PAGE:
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    This is the official repository of our manuscript LargeST: A Benchmark Dataset for Large-Scale Traffic Forecasting. LargeST comprises four sub-datasets, each characterized by a different number of sensors. The biggest one is California (CA), including a total number of 8,600 sensors. We also construct three subsets of CA by selecting three representative areas within CA and forming the sub-datasets of Greater Los Angeles (GLA), Greater Bay Area (GBA), and San Diego (SD). The figure here shows an illustration.

    In LargeST we also provide comprehensive metadata for all sensors, which are listed below.

    AttributeDescriptionPossible Range of Values
    IDThe identifier of a sensor in PeMS6 to 9 digits number
    LatThe latitude of a sensorReal number
    LngThe longitude of a sensorReal number
    DistrictThe district of a sensor in PeMS3, 4, 5, 6, 7, 8, 10, 11, 12
    CountyThe county of a sensor in CaliforniaString
    FwyThe highway where a sensor is locatedString starts with ‘I’, ‘US’, or ‘SR’
    LaneThe number of lanes where a sensor is located1, 2, 3, 4, 5, 6, 7, 8
    TypeThe type of a sensorMainline
    DirectionThe direction of the highwayN, S, E, W

    1. Data Preparation

    In this section, we will outline the procedure for preparing the CA dataset, followed by an explanation of how the GLA, GBA, and SD datasets can be derived from the CA dataset. Please follow these instructions step by step.

    1.1 Download the CA Dataset

    We host the CA dataset on Kaggle: There are a total of 7 files in this link. Among them, 5 files in .h5 format contain the traffic flow raw data from 2017 to 2021, 1 file in .csv format provides the metadata for all sensors, and 1 file in .npy format represents the adjacency matrix constructed based on road network distances.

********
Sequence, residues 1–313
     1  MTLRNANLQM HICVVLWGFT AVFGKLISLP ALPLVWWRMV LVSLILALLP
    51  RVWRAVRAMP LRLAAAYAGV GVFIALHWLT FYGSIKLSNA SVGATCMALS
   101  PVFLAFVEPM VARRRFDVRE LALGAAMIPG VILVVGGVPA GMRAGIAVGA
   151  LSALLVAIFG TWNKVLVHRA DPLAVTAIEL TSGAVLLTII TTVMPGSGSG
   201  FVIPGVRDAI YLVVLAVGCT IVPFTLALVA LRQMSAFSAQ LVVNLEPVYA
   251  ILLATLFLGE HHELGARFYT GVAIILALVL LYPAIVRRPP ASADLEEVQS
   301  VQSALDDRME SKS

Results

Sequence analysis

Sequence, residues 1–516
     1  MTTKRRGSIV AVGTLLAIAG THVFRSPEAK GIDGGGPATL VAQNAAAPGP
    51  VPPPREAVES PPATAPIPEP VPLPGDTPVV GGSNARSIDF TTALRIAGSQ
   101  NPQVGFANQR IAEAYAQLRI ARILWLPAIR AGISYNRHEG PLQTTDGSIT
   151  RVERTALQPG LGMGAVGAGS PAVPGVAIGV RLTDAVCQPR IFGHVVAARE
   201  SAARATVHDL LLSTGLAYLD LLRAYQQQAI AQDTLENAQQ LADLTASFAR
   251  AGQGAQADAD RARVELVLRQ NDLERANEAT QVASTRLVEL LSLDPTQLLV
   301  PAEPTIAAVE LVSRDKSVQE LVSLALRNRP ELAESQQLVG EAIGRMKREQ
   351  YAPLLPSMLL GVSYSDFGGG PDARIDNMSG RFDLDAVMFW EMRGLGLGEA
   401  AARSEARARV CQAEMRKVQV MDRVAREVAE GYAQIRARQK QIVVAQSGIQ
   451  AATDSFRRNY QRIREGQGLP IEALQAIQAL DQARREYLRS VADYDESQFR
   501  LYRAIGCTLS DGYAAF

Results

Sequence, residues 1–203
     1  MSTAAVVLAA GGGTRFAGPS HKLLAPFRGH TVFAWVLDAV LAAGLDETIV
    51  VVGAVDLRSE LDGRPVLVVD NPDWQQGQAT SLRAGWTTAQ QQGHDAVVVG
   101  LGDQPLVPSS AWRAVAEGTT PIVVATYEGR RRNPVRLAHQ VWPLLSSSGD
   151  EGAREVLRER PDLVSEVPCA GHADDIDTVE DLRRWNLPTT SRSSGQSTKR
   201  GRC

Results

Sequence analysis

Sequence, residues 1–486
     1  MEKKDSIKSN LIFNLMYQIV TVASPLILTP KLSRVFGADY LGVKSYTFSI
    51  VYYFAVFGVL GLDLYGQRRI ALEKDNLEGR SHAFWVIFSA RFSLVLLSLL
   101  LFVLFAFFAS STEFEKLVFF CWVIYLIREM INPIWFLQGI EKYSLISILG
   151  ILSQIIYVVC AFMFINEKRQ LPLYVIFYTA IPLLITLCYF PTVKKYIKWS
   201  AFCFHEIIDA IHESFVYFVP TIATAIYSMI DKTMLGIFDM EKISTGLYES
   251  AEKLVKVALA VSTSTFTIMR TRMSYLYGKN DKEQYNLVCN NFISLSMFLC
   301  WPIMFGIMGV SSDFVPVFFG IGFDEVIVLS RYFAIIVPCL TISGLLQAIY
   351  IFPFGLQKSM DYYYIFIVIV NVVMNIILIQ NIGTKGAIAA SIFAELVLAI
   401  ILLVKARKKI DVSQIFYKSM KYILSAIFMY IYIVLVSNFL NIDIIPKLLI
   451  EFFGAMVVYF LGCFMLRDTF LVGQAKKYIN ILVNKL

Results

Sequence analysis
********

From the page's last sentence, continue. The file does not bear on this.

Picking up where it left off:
• If you are using the web user interface, you can download all data from the provided link. The download button is at the upper right corner of the webpage. Then please place the downloaded file in the data/ca folder and unzip the file.
    • If you would like to use the Kaggle API, please follow the instructions here. After setting the API correctly, you can simply go to the data/ca folder, and use the command below to download all data.
    kaggle datasets download liuxu77/largest

    Note that the traffic flow raw data of the CA dataset require additional processing (described in Section 1.2 and 1.3), while the metadata and adjacency matrix are ready to be used.

    1.2 Process Traffic Flow Data of CA

    We provide a jupyter notebook process_ca_his.ipynb in the folder data/ca to process and generate a cleaned version of the flow data. Please go through this notebook.

    1.3 Generate Traffic Flow Data for Training

    Please go to the data folder, and use the command below to generate the flow data for model training in our manuscript.

    python --dataset ca --years 2019

    The processed data are stored in data/ca/2019. We also support the utilization of data from multiple years. For example, changing the years argument to 2018_2019 to generate two years of data.